Experimental reproducibility: julia vs the rest

One of the things I find very appealing about julia is the ability to provide, through {Project,Manifest}.toml files, the exact environment some code was run in so enabling somebody else to reproduce the results generated.

To save me looking like a foolish fanboy is this something that is unique to julia? I’m not familiar enough other languages to know if they have this idea too.

Many thanks.


There are ways to do this in principle with other languages; for example with a conda environment, you can run a command to spit out all of the dependencies and exact versions of packages, then use the output to create a new environment that should be identical. But in practice, it’s way more clunky and way less robust than julia’s approach in my experience.

Also, if you’re interested in this feature for doing science, check out DrWatson.jl


A disadvantage of conda is that if you create an environment.yaml file with fixed dependencies / versions under Windows, it will often not work under Linux and vice-versa, because some dependencies of popular packages are different.

I have a list of these longer than my arm :joy:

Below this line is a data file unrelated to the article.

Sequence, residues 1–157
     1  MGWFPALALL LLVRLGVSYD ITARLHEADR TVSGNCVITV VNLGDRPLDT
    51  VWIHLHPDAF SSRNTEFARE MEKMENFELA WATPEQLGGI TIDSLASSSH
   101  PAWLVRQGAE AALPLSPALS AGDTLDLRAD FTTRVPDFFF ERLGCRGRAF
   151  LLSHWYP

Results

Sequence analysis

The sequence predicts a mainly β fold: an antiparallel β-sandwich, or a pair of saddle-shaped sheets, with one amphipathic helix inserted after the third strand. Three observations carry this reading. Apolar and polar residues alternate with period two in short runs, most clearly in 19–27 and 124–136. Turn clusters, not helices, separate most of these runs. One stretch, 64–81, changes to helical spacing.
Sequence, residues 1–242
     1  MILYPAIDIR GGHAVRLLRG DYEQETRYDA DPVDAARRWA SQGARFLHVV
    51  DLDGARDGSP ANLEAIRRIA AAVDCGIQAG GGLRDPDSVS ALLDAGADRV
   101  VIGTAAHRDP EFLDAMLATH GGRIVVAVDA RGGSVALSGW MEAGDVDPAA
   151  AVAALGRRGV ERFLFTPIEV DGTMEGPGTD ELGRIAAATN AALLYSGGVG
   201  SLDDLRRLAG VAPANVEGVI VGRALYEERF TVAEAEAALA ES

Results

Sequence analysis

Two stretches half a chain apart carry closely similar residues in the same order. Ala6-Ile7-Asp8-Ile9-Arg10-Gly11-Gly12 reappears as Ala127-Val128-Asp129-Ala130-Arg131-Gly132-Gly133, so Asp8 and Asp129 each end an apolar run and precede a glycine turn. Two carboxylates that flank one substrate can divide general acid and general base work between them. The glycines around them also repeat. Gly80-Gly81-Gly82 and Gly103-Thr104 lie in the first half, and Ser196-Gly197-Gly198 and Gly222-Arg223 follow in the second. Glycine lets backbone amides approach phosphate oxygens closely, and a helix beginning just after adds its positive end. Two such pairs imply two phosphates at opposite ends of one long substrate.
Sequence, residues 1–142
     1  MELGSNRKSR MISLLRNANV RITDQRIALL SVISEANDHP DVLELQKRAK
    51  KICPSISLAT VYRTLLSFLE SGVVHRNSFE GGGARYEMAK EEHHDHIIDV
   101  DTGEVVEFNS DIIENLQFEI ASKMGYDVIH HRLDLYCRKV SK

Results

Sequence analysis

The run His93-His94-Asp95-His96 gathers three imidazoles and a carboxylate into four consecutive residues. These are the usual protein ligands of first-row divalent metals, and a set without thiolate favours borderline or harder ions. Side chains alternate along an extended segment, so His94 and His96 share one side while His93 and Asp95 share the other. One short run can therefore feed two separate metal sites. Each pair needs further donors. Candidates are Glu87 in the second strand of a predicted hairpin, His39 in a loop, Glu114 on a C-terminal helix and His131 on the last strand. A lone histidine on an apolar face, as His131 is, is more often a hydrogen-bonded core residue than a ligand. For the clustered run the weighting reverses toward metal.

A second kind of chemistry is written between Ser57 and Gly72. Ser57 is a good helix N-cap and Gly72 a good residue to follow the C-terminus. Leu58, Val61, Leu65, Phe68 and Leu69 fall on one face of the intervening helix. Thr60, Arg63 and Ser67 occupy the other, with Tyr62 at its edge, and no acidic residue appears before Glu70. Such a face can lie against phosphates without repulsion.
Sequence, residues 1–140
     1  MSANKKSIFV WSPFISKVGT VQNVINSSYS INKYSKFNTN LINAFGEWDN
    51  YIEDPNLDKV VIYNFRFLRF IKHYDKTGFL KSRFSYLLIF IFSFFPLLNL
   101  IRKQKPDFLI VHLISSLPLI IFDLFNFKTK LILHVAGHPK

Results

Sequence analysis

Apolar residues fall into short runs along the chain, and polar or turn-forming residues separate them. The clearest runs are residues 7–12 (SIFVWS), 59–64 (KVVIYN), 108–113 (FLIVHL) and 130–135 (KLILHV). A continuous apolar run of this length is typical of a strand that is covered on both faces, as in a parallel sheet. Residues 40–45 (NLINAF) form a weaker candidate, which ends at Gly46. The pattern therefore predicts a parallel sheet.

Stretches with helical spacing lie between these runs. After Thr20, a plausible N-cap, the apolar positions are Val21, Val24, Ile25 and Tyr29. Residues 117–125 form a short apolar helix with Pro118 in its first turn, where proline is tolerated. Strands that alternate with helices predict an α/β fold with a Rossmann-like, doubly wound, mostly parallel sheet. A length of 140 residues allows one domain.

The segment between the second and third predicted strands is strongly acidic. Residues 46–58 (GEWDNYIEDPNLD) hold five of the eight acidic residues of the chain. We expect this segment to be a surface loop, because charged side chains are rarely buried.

AFAIK Rust/Cargo also has a focus on reproducibility, and their experience motivated some of the design of the current Pkg system.

I think that taking reproducibility seriously is a relatively recent phenomenon, but eventually most widely used languages will move in this direction: the benefits are tangible, and there are no long-run downsides (of course someone has to implement it, and there is a transition cost).


One thing that separates the way Julia does this from most other systems is that it is reproducible by default: if you use Julia the normal way, you have a manifest that can be version controlled and since git will track it unless you tell it not to, tracking it is also the default. Other package managers often have some way to record precise versions of packages, but in Julia adding dependencies to the manifest is necessary to load the code in the first place, so the manifest is always there and always up to date.

Another notable feature of the system is its portability. Partially this is actually the absence of features: we have stubbornly refused to add any features that allow manifests to be platform-specific. This initially caused some annoyance, but these days the incredible BinaryBuilder system gives us pre-built, cross-compiled binaries and the artifacts system allows developers to easily use those pre-built binaries on all platforms easily and consistently.

A subtle but significant feature of how BinaryBuilder works that makes it more reproducible across platforms than other systems is that it cross-compiles everything for all platforms from a common compiler environment. This means that the binaries for, e.g. Linux x86-64 and Windows x86-64, contain largely same machine code since it was produced by the same compiler—the only difference is how the compiler wraps that machine code up in a binary format for the operating system. Since the actual machine code is the same, libraries are much more likely to work the same than if they had been generated, e.g. by GCC on Linux vs. MSCV on Windows, which is how other systems typically do this.